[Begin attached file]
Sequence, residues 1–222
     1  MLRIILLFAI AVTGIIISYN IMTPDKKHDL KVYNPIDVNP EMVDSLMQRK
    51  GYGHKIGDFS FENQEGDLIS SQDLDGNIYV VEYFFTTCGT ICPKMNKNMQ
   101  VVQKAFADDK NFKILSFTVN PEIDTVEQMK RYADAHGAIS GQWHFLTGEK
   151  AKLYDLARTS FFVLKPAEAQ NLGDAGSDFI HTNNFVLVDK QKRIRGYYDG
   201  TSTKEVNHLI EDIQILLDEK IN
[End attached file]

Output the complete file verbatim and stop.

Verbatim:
Sequence, residues 1–222
     1  MLRIILLFAI AVTGIIISYN IMTPDKKHDL KVYNPIDVNP EMVDSLMQRK
    51  GYGHKIGDFS FENQEGDLIS SQDLDGNIYV VEYFFTTCGT ICPKMNKNMQ
   101  VVQKAFADDK NFKILSFTVN PEIDTVEQMK RYADAHGAIS GQWHFLTGEK
   151  AKLYDLARTS FFVLKPAEAQ NLGDAGSDFI HTNNFVLVDK QKRIRGYYDG
   201  TSTKEVNHLI EDIQILLDEK IN